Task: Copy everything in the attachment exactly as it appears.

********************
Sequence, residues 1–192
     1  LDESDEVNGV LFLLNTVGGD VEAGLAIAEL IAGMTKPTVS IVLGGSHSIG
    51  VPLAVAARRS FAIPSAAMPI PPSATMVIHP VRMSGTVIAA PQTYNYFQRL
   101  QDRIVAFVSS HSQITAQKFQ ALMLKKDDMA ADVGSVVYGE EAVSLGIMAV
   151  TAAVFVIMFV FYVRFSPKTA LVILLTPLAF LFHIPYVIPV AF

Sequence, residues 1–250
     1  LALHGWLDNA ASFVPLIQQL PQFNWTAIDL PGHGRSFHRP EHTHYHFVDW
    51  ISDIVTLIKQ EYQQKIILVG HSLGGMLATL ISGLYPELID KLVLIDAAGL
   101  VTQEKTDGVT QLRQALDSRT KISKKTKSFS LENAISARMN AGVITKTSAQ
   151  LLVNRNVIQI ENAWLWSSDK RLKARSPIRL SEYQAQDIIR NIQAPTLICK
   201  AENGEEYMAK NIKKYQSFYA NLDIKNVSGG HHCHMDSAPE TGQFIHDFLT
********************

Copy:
Sequence, residues 1–192
     1  LDESDEVNGV LFLLNTVGGD VEAGLAIAEL IAGMTKPTVS IVLGGSHSIG
    51  VPLAVAARRS FAIPSAAMPI PPSATMVIHP VRMSGTVIAA PQTYNYFQRL
   101  QDRIVAFVSS HSQITAQKFQ ALMLKKDDMA ADVGSVVYGE EAVSLGIMAV
   151  TAAVFVIMFV FYVRFSPKTA LVILLTPLAF LFHIPYVIPV AF

Sequence, residues 1–250
     1  LALHGWLDNA ASFVPLIQQL PQFNWTAIDL PGHGRSFHRP EHTHYHFVDW
    51  ISDIVTLIKQ EYQQKIILVG HSLGGMLATL ISGLYPELID KLVLIDAAGL
   101  VTQEKTDGVT QLRQALDSRT KISKKTKSFS LENAISARMN AGVITKTSAQ
   151  LLVNRNVIQI ENAWLWSSDK RLKARSPIRL SEYQAQDIIR NIQAPTLICK
   201  AENGEEYMAK NIKKYQSFYA NLDIKNVSGG HHCHMDSAPE TGQFIHDFLT